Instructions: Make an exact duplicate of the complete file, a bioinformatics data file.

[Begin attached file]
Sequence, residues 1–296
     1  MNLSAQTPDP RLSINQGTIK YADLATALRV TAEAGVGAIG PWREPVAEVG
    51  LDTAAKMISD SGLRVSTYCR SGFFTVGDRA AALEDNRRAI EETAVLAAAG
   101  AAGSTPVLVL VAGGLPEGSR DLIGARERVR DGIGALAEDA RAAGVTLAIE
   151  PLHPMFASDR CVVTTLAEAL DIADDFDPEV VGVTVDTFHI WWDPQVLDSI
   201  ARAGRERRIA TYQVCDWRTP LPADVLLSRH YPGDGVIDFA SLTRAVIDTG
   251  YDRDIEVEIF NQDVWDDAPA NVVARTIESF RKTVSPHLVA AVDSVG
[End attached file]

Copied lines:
Sequence, residues 1–296
     1  MNLSAQTPDP RLSINQGTIK YADLATALRV TAEAGVGAIG PWREPVAEVG
    51  LDTAAKMISD SGLRVSTYCR SGFFTVGDRA AALEDNRRAI EETAVLAAAG
   101  AAGSTPVLVL VAGGLPEGSR DLIGARERVR DGIGALAEDA RAAGVTLAIE
   151  PLHPMFASDR CVVTTLAEAL DIADDFDPEV VGVTVDTFHI WWDPQVLDSI
   201  ARAGRERRIA TYQVCDWRTP LPADVLLSRH YPGDGVIDFA SLTRAVIDTG
   251  YDRDIEVEIF NQDVWDDAPA NVVARTIESF RKTVSPHLVA AVDSVG